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This article, written for our lovely local magazine, the Esperance Tide, is close to my heart! I’ve been a passionate op-shopper since I started buying my own clothes in high school (leading to some interesting fashion choices back then!). Researching this article made me even more determined avoid fast fashion, and choose clothing that is good for the earth. (Luckily these days I live on a farm, so my fashion choices are usually only critiqued by the cows, chooks, and school bus driver….)

Every 10 minutes, Australians send 6,000 kilograms of fashion and textile waste to landfill. Yes, you read that right. The huge amounts of clothing that are sent to landfill every single day in Australia are just one of the hidden costs of ‘fast fashion’. Here is another cost – that cheap cotton t-shirt that you picked up because it was cute and on sale took 2,700 litres of water to make. There are still more costs. 90% of the garments imported into Australia come from Asia, where they are predominantly made by young, poorly paid women, kept trapped in a cycle of poverty by the poor conditions in the clothing industry. According to an Oxfam report, only 4% of what Australians spend on clothes goes to the garment workers. Add to this the environmental pollution created in the manufacturing process of our clothing, and slowly a picture begins to emerge. Cheap clothing isn’t really cheap at all.

‘Fast fashion’ is just so easy to consume these days. You can wander through any big shopping centre and find cute clothing that costs less than the price of a takeaway meal. You can buy clothing online at incredible bargain prices. And if a button falls off, if you don’t really like the fit, or if you wore it once and decided that it wasn’t your colour – send it to the op shop! No problem right, it’s going to a good cause? But op shops these days are absolutely inundated with clothing donations. A lot of this clothing is cheap ‘fast fashion’, and so anything that is not in good condition, or simply doesn’t sell – gets sent to landfill. Around 25% of donations that op shops receive end up being sent to the tip. Sending clothing to landfill can contribute to the costs of the charity that is running the op shop. It also contributes to our increasing problem with waste and pollution.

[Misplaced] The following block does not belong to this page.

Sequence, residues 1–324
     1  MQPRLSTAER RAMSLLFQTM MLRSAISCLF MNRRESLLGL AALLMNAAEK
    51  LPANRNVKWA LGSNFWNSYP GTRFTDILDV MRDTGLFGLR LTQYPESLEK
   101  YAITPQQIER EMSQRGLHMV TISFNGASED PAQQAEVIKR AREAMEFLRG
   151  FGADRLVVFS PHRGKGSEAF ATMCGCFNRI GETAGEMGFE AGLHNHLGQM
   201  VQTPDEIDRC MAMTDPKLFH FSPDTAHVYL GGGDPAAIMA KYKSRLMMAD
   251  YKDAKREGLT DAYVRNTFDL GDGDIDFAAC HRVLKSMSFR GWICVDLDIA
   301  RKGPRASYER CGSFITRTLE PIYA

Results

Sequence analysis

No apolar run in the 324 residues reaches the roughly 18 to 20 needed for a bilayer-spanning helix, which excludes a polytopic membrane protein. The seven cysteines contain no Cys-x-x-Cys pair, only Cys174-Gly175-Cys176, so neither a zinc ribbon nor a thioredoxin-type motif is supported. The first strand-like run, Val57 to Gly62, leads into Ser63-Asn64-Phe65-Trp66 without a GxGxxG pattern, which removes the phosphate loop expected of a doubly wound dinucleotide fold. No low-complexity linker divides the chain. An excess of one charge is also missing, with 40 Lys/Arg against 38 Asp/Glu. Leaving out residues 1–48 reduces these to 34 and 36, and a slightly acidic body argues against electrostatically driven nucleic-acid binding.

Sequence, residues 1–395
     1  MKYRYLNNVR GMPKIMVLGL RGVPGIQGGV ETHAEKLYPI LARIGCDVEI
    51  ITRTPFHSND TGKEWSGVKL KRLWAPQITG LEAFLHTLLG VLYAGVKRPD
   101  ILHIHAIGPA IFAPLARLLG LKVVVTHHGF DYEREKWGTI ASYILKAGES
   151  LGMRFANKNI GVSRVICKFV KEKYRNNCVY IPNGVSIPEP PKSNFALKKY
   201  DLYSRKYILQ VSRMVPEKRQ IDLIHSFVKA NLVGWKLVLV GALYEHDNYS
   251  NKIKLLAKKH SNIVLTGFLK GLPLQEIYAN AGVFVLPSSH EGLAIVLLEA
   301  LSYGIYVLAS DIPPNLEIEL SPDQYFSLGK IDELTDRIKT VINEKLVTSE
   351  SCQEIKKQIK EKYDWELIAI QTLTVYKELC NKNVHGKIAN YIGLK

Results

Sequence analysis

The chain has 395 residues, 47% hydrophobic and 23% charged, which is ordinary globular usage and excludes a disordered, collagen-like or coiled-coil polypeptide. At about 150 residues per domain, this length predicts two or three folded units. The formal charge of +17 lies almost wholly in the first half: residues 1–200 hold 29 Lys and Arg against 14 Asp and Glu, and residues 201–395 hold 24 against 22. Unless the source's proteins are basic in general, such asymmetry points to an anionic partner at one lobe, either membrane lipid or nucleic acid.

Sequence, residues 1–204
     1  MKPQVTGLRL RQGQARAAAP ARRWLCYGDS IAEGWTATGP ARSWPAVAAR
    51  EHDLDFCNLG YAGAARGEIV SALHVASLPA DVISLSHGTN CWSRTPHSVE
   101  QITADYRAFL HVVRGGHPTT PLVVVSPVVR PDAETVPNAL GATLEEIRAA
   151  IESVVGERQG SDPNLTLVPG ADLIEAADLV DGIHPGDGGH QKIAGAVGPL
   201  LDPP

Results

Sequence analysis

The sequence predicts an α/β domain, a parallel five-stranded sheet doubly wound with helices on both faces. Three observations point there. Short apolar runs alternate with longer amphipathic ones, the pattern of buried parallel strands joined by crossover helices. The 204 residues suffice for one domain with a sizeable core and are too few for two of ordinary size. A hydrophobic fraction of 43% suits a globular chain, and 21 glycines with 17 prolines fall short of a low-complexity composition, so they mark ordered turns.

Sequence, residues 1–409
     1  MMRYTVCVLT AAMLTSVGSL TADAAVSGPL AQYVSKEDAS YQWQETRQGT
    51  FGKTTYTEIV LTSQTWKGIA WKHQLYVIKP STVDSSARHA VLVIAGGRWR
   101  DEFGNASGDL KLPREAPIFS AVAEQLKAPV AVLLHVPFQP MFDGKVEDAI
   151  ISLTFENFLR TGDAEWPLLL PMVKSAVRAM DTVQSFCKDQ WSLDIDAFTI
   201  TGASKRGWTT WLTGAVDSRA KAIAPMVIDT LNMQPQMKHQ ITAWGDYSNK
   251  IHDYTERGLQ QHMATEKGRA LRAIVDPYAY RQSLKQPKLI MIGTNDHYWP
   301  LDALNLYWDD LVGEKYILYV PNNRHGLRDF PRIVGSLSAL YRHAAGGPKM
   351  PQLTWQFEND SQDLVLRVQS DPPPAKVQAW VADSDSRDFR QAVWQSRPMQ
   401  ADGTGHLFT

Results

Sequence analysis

Why is clothing such a big problem for landfill? Clothing is not designed to break down easily, and a polyester dress or top could take up to a thousand years to break down in landfill. Even natural fibres such as cotton and wool take a long time to break down. Clothing is very difficult to recycle, so very few recycling programs target them. Here in Australia, we are the second largest consumers of textiles in the world (after the USA) and we send around 85% of the textiles that we buy every year to landfill. Your impulse shopping spree in the bargain shops, resulting in clothing that you really won’t wear, is contributing to a big problem.

So what is the solution? Buy second hand, of course! There are so many positives to op-shopping and buying pre-loved clothing. According to a YouGov survey, 24% of Australians have thrown out a garment after only one wear, so it’s quite likely that the clothing you buy at an op shop will be almost brand new. You can get a good quality outfit for the same price of a cheaply made ‘fast fashion’ outfit. And there are so many places to buy second hand. You can shop online, on websites dedicated to selling second-hand designer fashion, or check out social media buy sell and swap sites. There are op-shops, where your money will go to support a charity, and also curated vintage shops that sell pre-loved vintage items. Here in Esperance, we are spoilt for choice when it comes to op shops. There is the Red Cross op shop on Dempster Street, the Anglican Church’s op shop on Pink Lake Road just opposite the Esperance Primary School, and Esperance Care Service’s op shop on Gilpin Street. You can also check out Esperance Tide’s collection of pre-loved vintage items, for sale from their Museum Village shop.

If you’ve read these sobering statistics, and are feeling like you’re ready to get off the ‘fast fashion’ treadmill, here are our top tips for being a responsible fashionista.

  • Don’t impulse buy clothing. Often that dress you bought online because it was SO cheap, or the five new t-shirts you bought because it was a great deal are the things that you will end up discarding. Shop with a purpose and buy only what you need.

  • When you do buy new, choose well made quality clothing that will last.

  • Support ethical clothing makers and retailers who source their clothing from brands who don’t mistreat their workers. Need help with that? You can download the app ‘Good on You’, which gives you information about how your favourite brands are treating workers, animals, and the environment.

  • Learn to make some basic repairs to clothing rather than just tossing an item with a small amount of damage. Sewing buttons back on or repairing small tears can keep clothing out of landfill and let you enjoy them for much longer!

  • Join the wonderful world of buying second-hand clothing! You can do some guilt free impulse buying, pick up an outfit for a fraction of the cost of buying new, and find wonderful quirky outfits! You’ll be sure to avoid arriving at a party wearing the same outfit as someone else. You’ll be supporting a charity or an independent retailer with a love of vintage fashion. And most importantly, the dollars you spend will go towards solving our waste problem rather than contributing to it. Now that is shopping that you can feel good about!


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